Resistance to change often starts within middle management, as they’re concerned primarily with how the change affects their particular department, rather than looking at the change holistically. This attitude can also extend to workers themselves, who are often comfortable with the status quo and wary of what a change might mean for them and their workday. Even after a change has been implemented, this resistance can continue, especially if workers feel the change has resulted in unwanted work or responsibilities—or even threatened their job.
Overcoming this particular hurdle requires a multifaceted approach that includes:
Speaking of communications, this is where many organizations seem to stumble. While being experts on marketing themselves to the world, many organizations struggle to communicate with their employees. Often, this means too few communications, too few channels, and too few stakeholders communicating with employees.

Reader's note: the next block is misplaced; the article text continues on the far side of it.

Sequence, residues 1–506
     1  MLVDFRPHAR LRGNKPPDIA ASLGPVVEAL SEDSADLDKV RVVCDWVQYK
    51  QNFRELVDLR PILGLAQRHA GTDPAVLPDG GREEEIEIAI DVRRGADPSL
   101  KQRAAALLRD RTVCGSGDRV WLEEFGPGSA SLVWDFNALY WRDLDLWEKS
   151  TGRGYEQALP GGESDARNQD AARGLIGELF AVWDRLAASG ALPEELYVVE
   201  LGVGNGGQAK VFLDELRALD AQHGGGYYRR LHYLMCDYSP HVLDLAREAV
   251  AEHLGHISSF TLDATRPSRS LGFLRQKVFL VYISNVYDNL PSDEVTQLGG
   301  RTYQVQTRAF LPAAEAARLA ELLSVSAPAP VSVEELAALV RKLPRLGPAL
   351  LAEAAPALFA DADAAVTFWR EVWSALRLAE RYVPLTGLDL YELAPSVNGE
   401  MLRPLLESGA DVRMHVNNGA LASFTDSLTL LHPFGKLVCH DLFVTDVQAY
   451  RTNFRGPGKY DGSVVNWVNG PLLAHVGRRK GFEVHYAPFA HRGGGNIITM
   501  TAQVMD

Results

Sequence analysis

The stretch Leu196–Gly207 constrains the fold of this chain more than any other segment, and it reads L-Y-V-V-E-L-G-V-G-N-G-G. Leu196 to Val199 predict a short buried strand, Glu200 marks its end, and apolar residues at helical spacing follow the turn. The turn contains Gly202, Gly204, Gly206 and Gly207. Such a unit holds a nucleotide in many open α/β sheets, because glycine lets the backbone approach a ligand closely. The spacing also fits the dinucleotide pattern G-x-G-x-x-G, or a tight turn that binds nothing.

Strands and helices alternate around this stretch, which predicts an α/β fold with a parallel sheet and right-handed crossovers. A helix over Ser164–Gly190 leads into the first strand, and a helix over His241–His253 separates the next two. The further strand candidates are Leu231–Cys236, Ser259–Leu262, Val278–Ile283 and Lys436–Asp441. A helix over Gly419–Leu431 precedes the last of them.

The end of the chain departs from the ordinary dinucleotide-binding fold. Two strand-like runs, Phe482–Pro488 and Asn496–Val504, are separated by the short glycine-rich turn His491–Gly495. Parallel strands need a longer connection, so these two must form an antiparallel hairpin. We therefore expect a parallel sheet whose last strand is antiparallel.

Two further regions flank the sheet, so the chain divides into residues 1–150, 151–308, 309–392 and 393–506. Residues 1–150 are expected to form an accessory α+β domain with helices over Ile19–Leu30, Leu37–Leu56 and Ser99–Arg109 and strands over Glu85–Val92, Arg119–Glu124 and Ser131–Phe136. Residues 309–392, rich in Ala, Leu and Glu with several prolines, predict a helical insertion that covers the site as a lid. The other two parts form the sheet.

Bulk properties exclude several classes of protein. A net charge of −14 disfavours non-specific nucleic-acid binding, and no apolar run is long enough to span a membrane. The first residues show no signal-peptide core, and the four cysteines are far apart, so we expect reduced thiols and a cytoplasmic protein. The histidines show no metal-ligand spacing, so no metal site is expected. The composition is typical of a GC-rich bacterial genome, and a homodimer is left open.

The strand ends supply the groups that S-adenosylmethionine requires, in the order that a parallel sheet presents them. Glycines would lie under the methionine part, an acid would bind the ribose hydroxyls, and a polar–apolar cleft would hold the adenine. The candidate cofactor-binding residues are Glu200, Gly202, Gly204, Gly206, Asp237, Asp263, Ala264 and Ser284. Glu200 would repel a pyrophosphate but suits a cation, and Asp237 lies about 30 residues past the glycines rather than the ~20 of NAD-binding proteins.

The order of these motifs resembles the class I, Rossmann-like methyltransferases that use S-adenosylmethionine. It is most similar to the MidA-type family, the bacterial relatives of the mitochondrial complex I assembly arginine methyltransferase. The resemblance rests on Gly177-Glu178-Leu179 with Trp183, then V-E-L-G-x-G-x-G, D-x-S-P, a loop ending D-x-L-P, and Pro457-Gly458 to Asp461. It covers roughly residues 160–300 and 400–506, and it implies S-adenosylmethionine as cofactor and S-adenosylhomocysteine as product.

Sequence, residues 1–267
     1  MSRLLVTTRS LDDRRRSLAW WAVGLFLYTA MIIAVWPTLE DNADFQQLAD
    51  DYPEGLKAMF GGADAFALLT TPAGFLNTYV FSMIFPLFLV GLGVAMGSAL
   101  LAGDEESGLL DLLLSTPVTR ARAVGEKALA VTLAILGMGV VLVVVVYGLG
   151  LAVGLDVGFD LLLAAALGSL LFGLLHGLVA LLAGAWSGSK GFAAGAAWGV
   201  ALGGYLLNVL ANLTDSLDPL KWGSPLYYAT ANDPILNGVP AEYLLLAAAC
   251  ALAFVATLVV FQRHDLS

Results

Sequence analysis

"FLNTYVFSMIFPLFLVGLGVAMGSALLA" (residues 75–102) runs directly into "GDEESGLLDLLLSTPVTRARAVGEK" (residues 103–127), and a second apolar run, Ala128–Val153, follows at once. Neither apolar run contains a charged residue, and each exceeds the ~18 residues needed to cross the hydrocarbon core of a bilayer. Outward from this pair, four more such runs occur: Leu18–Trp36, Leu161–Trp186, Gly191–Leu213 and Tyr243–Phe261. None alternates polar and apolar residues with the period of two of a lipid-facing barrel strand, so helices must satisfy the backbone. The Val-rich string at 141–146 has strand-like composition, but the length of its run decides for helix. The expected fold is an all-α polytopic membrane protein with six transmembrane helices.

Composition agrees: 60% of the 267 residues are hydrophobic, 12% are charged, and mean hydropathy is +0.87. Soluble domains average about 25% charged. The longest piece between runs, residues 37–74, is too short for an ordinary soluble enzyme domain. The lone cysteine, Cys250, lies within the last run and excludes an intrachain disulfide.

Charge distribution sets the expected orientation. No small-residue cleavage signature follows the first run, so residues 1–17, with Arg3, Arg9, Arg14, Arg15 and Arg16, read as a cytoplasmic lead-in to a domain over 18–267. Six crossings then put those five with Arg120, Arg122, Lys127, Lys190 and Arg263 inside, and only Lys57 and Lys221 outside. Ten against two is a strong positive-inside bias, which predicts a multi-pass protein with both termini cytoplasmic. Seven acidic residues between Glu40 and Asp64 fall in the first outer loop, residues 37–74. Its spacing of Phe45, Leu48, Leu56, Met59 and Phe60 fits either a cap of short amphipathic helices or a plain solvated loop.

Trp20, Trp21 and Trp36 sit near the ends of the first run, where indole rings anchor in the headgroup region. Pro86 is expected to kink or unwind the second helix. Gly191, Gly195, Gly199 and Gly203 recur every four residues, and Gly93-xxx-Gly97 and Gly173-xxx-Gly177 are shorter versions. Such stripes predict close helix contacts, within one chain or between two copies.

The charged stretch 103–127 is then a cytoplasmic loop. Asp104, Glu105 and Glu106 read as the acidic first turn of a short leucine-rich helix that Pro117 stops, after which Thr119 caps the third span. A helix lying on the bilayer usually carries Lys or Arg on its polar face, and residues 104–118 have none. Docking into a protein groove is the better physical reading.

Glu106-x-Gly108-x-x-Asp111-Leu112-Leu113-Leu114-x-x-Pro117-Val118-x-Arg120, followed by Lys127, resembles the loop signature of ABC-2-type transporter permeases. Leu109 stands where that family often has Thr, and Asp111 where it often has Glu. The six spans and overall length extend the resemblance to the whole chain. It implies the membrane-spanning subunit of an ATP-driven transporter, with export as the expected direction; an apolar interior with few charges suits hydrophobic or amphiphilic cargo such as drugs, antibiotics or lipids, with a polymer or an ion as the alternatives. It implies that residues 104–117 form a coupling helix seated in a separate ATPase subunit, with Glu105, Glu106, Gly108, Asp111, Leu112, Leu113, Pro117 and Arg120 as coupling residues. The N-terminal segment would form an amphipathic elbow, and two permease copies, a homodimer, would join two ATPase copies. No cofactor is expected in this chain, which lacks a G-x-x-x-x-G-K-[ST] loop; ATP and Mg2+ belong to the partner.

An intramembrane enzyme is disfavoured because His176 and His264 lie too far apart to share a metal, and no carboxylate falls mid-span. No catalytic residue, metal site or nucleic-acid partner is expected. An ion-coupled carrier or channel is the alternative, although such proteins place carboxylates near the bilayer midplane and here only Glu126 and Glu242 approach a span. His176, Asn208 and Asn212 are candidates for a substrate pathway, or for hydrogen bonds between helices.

This is an issue that should be planned far in advance of the change. A wholescale communications plan should be a part of any significant change within an organization, and should cover the months leading up to change as well as an ongoing engagement plan for the months afterward. Over communication is the least of your worries here. Determine a communications schedule ahead of time that includes the channels you’ll be using: email, intranet, mail, even collaboration tools like an electronic whiteboard. And be sure not to neglect in-person communications.
Also, don’t forget the importance of engagement in your communications. Change management should be a conversation with employees, rather than a lecture. Give employees avenues to share their concerns, and then address those concerns regularly, not just as a one-off thing. Take a lesson from Mark Zuckerberg1, who hosts a Q&A with all Facebook employees every Friday.